19. Raven, J.A.; Beardall, J. CO2 concentrating mechanisms and environmental change. Aquat. Bot. 2014, 118, 24–37. [CrossRef] 20. Raven, J.A.; Hurd, C.L. Ecophysiology of photosynthesis in macroalgae. Photosynth. Res. 2012, 113, 105–125. [CrossRef] 21. Beardall, J.; Raven, J.A. Acquisition of Inorganic Carbon by Microalgae and Cyanobacteria. In Microbial Photosynthesis; Wang, Q., Ed.; Springer: Singapore, 2020; pp. 151–168.

22. García-Gómez, C.; Gordillo, F.J.L.; Palma, A.; Rosario, M.L.; Segovia, M. Elevated CO2 alleviates high PAR and UV stress in the unicellular chlorophyte Dunaliella tertiolecta. Photochem. Photobiol. Sci. 2014, 13, 1347–1358. [CrossRef] 23. Vardi, A.; Berman-Frank, I.; Rozenberg, T.; Hadas, O.; Kaplan, A.; Levine, A. Programmed cell death of the

dinoflagellate Peridinium gatunense is mediated by CO2 limitation and oxidative stress. Curr. Biol. 1999, 9, 1061–1064. [CrossRef] 24. Sitte, P.; Weiler, E.W.; Kadereit, J.W.; Bresinsky, A.; Körner, C. Strasbuger Lehrbuch der Botanik; Spektrum Akademischer Verlag: Heidelberg, Germany, 2002. 25. Raven, J.A.; Johnston, A.M.; Kuebler, J.E.; Korb, R.; McInroy, S.G.; Handley, L.L.; Scrimgeour, C.M.; Walker, D.I.; Beardall, J.; Clayton, M.N.; et al. Seaweeds in Cold Seas: and Carbon Acquisition. Ann. Bot. 2002, 90, 525–536. [CrossRef][PubMed]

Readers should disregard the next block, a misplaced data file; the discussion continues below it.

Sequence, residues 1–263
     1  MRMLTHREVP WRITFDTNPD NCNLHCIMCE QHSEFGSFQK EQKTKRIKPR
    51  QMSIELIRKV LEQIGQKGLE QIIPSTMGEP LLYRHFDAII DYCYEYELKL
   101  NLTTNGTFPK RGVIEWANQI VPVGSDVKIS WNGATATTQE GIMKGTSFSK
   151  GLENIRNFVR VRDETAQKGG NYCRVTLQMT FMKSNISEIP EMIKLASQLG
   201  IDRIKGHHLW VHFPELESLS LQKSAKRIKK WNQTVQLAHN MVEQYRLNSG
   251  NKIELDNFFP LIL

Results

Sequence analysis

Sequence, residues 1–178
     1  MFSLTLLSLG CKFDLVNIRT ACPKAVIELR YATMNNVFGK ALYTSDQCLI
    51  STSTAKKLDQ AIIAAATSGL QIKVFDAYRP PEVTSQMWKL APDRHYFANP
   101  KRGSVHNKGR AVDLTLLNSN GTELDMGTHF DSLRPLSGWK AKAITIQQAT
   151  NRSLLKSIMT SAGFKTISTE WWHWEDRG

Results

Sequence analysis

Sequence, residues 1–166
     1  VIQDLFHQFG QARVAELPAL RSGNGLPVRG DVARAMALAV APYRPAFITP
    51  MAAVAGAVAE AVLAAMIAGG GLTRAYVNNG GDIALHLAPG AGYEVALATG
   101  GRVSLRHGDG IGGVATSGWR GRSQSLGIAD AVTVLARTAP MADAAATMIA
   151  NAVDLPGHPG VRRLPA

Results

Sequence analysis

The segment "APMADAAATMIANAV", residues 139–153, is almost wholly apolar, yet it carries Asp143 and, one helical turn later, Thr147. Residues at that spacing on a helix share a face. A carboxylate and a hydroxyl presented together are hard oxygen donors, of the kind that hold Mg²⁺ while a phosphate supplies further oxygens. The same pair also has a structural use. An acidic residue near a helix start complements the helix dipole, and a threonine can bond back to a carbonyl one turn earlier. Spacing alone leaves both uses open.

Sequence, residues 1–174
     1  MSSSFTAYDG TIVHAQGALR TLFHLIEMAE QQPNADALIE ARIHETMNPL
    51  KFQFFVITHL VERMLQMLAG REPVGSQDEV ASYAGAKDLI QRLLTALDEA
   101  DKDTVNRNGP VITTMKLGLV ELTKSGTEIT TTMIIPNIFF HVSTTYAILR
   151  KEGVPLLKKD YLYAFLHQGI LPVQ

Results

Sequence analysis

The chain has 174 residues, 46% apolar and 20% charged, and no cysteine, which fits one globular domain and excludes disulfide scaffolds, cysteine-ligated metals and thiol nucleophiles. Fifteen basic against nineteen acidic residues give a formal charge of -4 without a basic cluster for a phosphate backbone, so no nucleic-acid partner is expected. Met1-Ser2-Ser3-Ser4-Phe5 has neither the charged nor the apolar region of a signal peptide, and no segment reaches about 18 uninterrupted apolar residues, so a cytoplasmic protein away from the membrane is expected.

26. Olischläger, M.; Iñiguez, C.; Koch, K.; Wiencke, C.; Gordillo, F.J.L. Increased pCO2 and temperature reveal ecotypic differences in growth and photosynthetic performance of temperate and Arctic populations of Saccharina latissima. Planta 2017, 245, 119–136. [CrossRef][PubMed] Diversity 2020, 12, 241 8 of 9

27. Rezayian, M.; Niknam, V.; Ebrahimzadeh, H. Oxidative damage and antioxidative system in algae. Toxicol. Rep. 2019, 6, 1309–1313. [CrossRef] 28. Hurd, C.L.; Cornwall, C.E.; Currie, K.I.; Hepburn, C.D.; McGraw, C.M.; Hunter, K.A.; Boyd, P. Metabolically-induced pH fluctuations by some coastal calcifiers exceed projected 22nd century ocean acidification: A mechanism for differential susceptibility? Glob. Change Biol. 2011, 17, 3254–3262. [CrossRef] 29. Al-Moghrabi, S.; Goiran, C.; Allemand, D.; Speziale, N.; Jaubert, J. Inorganic carbon uptake for photosynthesis by the symbiotic coral-dinoflagellate association II. Mechanisms for bicarbonate uptake. J. Exp. Mar. Biol. Ecol. 1996, 199, 227–248. [CrossRef] 30. Tansik,A.L.; Fitt, W.K.; Hopkinson, B.M. External carbonic anhydrase in three Caribbean corals: Quantification